I just love to see the world in RED, and in this review, I want to show you 5 color negative films that I made into redscale films.
I don`t really want to show you how to make a redscale film at home, but rather just to compare and show 5 films with pictures to let you know what you can expect. If you want to know how to make a redscale roll, you should click here
I exposed the roll at the given value and almost all the pictures were underexposed. I recommend you to expose the film 2 or 4 times longer (depending on weather).
100 → 25/50, 200 → 50/100, 400 → 100/200, …
The 5 films that I compared on the basis of pictures are…:
Rossmann (German drugstore) 400, exposed at ISO 100
DM Paradies (German drugstore) 400, exposed at ISO 400
DM Paradies (German drugstore) 400, exposed at ISO 200
Kodak Farbwelt (“Colorworld”) 100, exposed at ISO 25
Kodacolor 400, exposed at ISO 100
1. Rossmann 400
2. DM Paradies 400
3. DM Paradies 400
4. Kodak Farbwelt 100
5. Kodacolor 400
Of the 5 films, I like the Rossmann 400 most, because it gives such an intensive RED.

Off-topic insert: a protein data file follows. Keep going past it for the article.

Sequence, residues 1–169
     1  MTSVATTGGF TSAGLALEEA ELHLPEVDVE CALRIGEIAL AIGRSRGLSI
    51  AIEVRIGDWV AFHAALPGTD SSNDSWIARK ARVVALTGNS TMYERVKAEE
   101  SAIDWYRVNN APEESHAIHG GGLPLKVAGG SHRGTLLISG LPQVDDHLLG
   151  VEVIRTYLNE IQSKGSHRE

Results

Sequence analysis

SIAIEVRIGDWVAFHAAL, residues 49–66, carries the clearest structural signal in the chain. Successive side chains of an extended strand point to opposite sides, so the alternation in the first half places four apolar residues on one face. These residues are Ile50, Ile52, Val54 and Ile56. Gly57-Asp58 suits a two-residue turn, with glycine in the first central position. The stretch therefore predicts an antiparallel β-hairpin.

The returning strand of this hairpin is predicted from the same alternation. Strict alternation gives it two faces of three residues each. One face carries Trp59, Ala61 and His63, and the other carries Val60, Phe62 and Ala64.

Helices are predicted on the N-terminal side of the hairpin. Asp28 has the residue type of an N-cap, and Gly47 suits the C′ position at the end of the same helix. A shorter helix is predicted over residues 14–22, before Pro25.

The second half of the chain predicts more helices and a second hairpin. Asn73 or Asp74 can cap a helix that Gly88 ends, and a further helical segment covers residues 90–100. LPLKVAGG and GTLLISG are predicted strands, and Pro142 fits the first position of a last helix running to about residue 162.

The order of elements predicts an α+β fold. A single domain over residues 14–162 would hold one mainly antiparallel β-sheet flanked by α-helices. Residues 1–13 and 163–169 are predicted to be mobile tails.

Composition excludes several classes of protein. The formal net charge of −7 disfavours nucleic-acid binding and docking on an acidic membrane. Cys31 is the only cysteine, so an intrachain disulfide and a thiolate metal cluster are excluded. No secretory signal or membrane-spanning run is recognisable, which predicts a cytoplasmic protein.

I hope I was able to help you with your next decision on what film you choose to redsale. :)
If you'd be shooting in low light, at night, or in any other situation that would require a high speed film for best results, why don't you try the Lomography Color Negative 800 for 35mm cameras? Allow five of our community members to convince you with their respective reviews in this installment of Reviews on Rewind.
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About two years ago or so, I purchased the Lomography Redscale XR 50-200. I saved just one roll of this film and waited for the right moment to shoot with it. In April this year, I just wasn't able to take it anymore! I loaded this film into my Lubitel 166+, which I realized I hadn't used for maybe about six months. One idea came to mind: taking crazy multiple exposures!
Recently, I used my trusty Fuji Silvi. It may not be my all-time favorite camera, but I just wanted to use it because I kind of missed shooting with it. So I decided to look through my film stash to see what I could use with the Fuji Silvi. After much consideration, I ended up picking the old Agfa CT Precisa ISO 100 to get that classic blue tone. Silvia Precisa!
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Hi, everyone! I'd like to share with you my 2014 summary on analogue photography. Some things I did were completely new, while some were my good old habits. This year I learned how to develop black and white film, which I consider my greatest milestone. But the most important thing is that in 2014, I remain in love with Lomography! And the rest? Well, let's see...
In this article I’m going to review the LomoKino's key features, show you how to load the film, and share some tips on shooting and editing a movie. I will also show you a short stop motion movie that I made with this camera.